How Did The Joker Get His Scars? 'Gotham' May Show Their Origin In An Upcoming Episode
There are a lot of Batman villains, but one of the many things that sets The Joker apart is his very distinct set of scars in some of the comics, The Dark Knight, and the original Batman. But in the trailer for the next episode of Gotham, Jerome, a new character who's been promised to have more than just a few similarities to the Joker (even though Gotham hasn't confirmed that he's going to be the Joker exactly), there are no scars in sight, just a huge grin and a manic laugh.
Even though in The Dark Knight the Joker teases a few backstories for how he got his scars (leading to one of the most memorable lines in the movie), there's no reason really given — it's just one of many ways Heath Ledger's Joker is the inverse of Batman, a mysterious man who seemingly had no reason to exist before a superhero came to Gotham City, someone without any justification for how evil he is. He's just a purely chaotic spirit.
In Tim Burton's Batman, we see the origin of Joker's mangled face, and it's the result of some botched plastic surgery following an industrial accident that was supposed to kill "Jack," a mobster who was hooking up with the kingpin's young girlfriend. The doctor is able to repair Jack's face, but leaves his mouth in a permanent, terrifying grin not unlike a bad facelift. For some reason, the procedure also turns his face white, even though I'm pretty sure that's just so there can be a scene where the Joker wears makeup that drips off at a crucial juncture and reveals his deformed features to his horrified witnesses.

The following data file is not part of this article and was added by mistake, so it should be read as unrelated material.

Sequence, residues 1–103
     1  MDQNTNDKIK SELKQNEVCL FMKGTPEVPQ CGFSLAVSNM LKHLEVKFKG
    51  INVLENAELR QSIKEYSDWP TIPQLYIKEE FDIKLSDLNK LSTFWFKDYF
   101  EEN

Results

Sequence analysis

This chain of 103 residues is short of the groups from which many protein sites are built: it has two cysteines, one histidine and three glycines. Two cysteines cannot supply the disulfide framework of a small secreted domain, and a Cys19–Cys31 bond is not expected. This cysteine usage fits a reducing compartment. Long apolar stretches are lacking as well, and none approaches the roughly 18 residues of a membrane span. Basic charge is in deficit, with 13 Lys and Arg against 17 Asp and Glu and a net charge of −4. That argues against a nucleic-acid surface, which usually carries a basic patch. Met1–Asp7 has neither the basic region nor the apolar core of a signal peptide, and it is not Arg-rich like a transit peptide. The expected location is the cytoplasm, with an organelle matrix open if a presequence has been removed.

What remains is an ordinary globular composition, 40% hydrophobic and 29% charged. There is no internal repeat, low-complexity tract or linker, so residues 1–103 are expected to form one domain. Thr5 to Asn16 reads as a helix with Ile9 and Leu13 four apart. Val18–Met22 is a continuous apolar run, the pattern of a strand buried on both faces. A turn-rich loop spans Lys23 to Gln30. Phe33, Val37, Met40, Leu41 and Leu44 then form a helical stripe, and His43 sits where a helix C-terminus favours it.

The next episode of Gotham is called "Red Hood," which is a reference to the Red Hood Gang that in one version of the Joker's origin, is responsible for pushing him into a vat of chemicals that leave his face deformed and scarred. But I don't quite know how all that will connect to the other big introduction in this week's episode, Mary Lloyd and John Grayson, at Haly's Circus, the place where their future son Dick Grayson, Robin the Boy Wonder, will work.
But it doesn't really matter how the Joker gets his physical scars — it's the emotional scars that really matter. Ultimately, the Joker's scars represent his scarred emotional state, how instead of a normal man he has an exaggerated, menacing sense of humor that leads him to commit violent acts that mean nothing to him.
Images: Warner Bros.; Giphy (2)